The band has been around since 2005, itâ??s had countless line ups and to be honest the band hasn't had a solid line up until about a year ago. We're super driven and inspired. I said lineup way too much, haha

Haha. I won't hold it against you. So, is there a constant member who has been with the band since the beginning?

Itâ??s been Mariful since the start (the singer). Itâ??s been his vision since 2004 or so.

Am I correct in assuming he sets the direction for the band lyrically and musically?

Lyrically yes, though, since the new line up, itâ??s been a group decision. Geordon, as well, the bass player in the band, writes tons of lyrics. Musically, itâ??s all of us. We all have our input. We all write together (even acoustically) and all have our say. It really wasn't like that up until this year, this line up really change the overall attitude of this band and the way it works.

Do you see that as a good thing?

Oh totally! I mean, we just released our new CD EP/LP and we're in the midst of writing our full length right now. This line up is super motivated and we're working really, really fast. It also helps that we've all had experiences in committed bands before. So itâ??s a bit easier to work all together!

Are you guys touring any time soon to promote the new recording?

We actually just got back (well, not just), but we toured both Canada and the US this summer.

How was the tour?

In Canada we toured with a band from the states called The Effort and in the States with Unrestrained. Haha, letâ??s just say Rayleen didn't make it. We had tons of van issues. However, we made it to our shows. We played them and had a blast! This was mine and Geordon (the bass player's), first time touring the states and it was quite the experience.

Rayleen?

Hahaha, thatâ??s the name of our van.

Haha. Ok, understood. Did the band have a good reception abroad?

To be honest, I think we fit with the U.S. crowd more than we do with a Canadian crowd. I can't begin to say how nice and generous the U.S. kids were. I thought I would never say that.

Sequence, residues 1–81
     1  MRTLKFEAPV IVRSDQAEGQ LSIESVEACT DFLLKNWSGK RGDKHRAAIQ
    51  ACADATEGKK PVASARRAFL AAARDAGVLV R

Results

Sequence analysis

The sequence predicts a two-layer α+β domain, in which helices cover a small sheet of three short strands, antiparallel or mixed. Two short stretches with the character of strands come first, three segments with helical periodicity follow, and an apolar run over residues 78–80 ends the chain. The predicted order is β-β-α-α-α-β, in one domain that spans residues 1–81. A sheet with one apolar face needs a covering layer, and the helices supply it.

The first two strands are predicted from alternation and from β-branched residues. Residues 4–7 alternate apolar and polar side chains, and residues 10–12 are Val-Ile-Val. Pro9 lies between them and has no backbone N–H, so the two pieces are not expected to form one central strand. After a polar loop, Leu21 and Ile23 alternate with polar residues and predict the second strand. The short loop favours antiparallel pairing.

What do you think the difference is between the two nations, as far as the hardcore music crowd is concerned?

The band has toured the states before I joined, so they had built a slight fan base, but the overall reception in the U.S. is awesome! I think I Refuse appeals to a much "older" crowd. Our sound flows with that 90s crowd. Canada really likes a lot of the garage/indie/art punk/rock bands going on right now (i.e. Fucked Up, Vicious Cycle, and Attack in Black). And the states are taking a totally different approach to things and I think we appeal to that crowd.

Would you guys prefer to have a better reception at home or are you satisfied with having a more accepting, yet far reaching audience?

Of course we would love to get a great reception everywhere. But as far as choosing between the two, I think that we're just happy that there are people in the world that like what we're doing, regardless of location.

Back to the band's politics. In the band's "about" section on the site you make mention of how Ottawa was "built on unseeded Algonquin land and recognize the legacy of colonialism and imperialism upon which the nation of Canada has been built." Why put that in your about section?

That's completely true and itâ??s important to question our modern ideas and to bring light to the fact that a lot of Canadian and other histories are extremely romanticized. Not to mention, there is a large indigenous population here in Ottawa, who are misunderstood and made fun of. Unfortunately, a lot of it has to do with poverty and drug/alcohol problems. I wish I had my friend Musky here to answer this question. He would bring a lot more to the table on this topic than I would. He actually filled in for Dane on the US tour and did a great job at doing so!